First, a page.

Marcos Garcia’s Poignant Pictures Tell The Story of Shelter Dogs
By: RubensteinLaw as Blog Post
It’s not every day we find ourselves with a real-life hero in our midst. But if you ask the dogs at Miami-Dade Animal Services Center, attorney Marcos Garcia is just that. With a closer look, it’s not surprising. By day Marcos works with us here at Rubenstein Law protecting and fighting for injured clients and their families. In his free time, he uses his camera to tell the story for those who can’t speak for themselves; Miami’s shelter dogs. His message is simple #AdoptDontShop. His project Stop Buying Dogs is a black and white documentary style collection of photos that are poignant, raw and often trigger a visceral reaction. We asked Marcos a few questions:
Your dog Obie (adorably documented under the hashtag #obiethedingbat) is a stray you found on a jog back in law school. What about growing up, did your family have pets?
We always had dogs growing up. My first dog was a stray. A Collie we creatively named Freebie.
What kind of camera do you use, and why?
I use a 28mm Leica. It has the same focal length as an iPhone. It’s smaller, lighter and nearly silent, unlike the more familiar Nikon and Canon cameras.
For your shelter photos, why do you choose black and white?
To me, black and white photography gives a more documentary feel and style to the collection. Color photos, which I also shoot, are more graphic and slick, creating a vastly different narrative.
Besides the dogs at MDAS, where else do you focus your lens?
Nature. Obie & I spend a lot of time in the Everglades camping, fishing and taking photos.
How did you become such a skilled photographer? Did you take classes?
I haven’t taken a structured class. I learned most everything through trial and error and YouTube videos.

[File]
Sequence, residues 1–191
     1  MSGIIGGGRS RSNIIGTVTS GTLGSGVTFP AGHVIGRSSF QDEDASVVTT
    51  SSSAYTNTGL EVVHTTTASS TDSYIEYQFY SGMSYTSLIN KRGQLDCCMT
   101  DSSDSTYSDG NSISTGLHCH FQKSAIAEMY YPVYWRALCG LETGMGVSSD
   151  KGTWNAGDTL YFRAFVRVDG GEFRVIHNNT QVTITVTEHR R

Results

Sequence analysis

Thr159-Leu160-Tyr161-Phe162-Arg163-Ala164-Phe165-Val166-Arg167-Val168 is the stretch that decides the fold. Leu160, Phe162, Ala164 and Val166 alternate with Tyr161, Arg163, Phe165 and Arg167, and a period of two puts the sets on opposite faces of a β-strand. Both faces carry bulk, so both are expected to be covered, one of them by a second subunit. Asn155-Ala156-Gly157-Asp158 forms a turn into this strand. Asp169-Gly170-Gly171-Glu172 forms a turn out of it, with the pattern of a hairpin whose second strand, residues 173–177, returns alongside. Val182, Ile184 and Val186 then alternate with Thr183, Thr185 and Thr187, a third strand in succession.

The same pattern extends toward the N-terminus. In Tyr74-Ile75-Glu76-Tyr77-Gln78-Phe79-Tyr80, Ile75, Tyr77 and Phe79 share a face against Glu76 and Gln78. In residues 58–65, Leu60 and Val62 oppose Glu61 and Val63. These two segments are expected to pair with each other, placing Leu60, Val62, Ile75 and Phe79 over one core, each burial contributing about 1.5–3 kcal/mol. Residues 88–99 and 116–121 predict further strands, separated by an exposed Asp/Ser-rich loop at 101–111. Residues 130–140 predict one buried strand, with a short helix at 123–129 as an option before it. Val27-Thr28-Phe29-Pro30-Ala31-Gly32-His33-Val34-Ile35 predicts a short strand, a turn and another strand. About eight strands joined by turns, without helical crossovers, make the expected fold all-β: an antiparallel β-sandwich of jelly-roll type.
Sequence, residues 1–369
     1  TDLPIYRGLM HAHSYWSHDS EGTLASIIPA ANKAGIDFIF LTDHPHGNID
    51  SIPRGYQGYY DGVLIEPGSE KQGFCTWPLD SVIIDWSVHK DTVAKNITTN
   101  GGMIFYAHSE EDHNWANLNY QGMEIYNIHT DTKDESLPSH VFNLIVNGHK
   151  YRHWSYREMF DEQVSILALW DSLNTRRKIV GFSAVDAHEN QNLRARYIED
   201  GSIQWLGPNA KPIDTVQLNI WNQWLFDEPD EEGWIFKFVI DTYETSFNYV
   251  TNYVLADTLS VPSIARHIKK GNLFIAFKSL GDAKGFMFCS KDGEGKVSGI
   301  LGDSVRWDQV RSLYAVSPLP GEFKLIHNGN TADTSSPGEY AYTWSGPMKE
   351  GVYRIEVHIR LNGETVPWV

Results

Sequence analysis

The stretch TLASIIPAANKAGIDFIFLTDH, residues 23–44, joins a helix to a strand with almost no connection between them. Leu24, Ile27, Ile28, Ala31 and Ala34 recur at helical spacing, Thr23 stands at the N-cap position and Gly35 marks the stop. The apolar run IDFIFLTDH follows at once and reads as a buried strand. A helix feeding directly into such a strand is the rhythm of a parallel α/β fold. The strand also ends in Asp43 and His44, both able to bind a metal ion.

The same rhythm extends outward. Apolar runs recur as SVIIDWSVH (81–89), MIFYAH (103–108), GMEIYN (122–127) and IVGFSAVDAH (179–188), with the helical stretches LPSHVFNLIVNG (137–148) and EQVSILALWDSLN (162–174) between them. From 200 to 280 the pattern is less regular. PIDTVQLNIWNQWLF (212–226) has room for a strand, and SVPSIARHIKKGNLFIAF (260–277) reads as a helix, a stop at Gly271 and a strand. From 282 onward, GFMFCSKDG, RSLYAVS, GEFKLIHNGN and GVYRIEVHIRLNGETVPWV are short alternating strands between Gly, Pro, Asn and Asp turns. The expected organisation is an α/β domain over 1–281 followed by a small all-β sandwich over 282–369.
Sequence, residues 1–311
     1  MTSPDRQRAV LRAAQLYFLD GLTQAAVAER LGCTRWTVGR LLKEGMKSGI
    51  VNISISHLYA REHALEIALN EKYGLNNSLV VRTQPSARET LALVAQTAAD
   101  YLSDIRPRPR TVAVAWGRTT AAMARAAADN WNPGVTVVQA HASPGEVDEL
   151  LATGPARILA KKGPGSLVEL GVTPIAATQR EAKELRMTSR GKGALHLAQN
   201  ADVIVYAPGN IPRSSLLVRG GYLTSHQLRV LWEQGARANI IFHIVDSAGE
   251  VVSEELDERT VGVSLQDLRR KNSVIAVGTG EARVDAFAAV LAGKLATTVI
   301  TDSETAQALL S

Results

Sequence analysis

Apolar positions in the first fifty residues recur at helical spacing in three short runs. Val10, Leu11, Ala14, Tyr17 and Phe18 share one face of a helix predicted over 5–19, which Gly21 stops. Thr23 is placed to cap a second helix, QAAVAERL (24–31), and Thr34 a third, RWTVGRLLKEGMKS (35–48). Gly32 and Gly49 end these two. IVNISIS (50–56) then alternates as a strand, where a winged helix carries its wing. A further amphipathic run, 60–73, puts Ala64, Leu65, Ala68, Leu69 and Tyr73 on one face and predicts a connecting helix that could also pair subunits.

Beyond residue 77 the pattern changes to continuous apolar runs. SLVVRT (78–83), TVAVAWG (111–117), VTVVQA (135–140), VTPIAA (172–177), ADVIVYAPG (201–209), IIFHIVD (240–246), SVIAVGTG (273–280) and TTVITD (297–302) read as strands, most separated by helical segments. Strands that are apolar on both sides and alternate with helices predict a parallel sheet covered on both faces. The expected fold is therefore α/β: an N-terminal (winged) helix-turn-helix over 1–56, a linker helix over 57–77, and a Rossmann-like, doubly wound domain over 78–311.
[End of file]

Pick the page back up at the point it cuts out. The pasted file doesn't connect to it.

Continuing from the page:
Do you have advice for beginning photographers?
It may sound obvious, but just take pictures. Shoot as much as you can as often as you can - shoot everything, landscapes, people, animals, night versus day, still versus moving. You’ll figure out the types of images you like to capture and get better from there.
Back to the dogs at the shelter – even though your pictures aren’t always easy to look at, your affection for them is obvious. What’s the hardest part about volunteering at MDAS?
Shelters by their very nature are difficult. It’s sensory overload, with the metal clinking of cages, the whimpering, urine & disinfectant smells, and the cold, hard floors. Butby far the hardest part is watching people surrender their dog. Part of the process requires the owner to sign a form acknowledging that their dog could be euthanized. The reasons people surrender a pet are often trivial & heartbreaking: the dog digs holes, she barks or he has too much energy. It’s a dog that is what dogs do.
We are proud to have attorney Marcos Garcia on our team at Rubenstein Law. His photo expose Stop Buying Dogs has been covered in the NY Times photography blog, Lens, the Florida Bar News, CBS Miami, the FIU Alumni Spotlight and even pinned on Pinterest. Marcos’ work is currently on display at a private gallery in Miami’s Allapattah neighborhood and plans for a public exhibition are in the works. In the meantime, to see more photos from the shelter, check out his color photography or meet Obie visit his Instagram @MarcosJavierGarcia.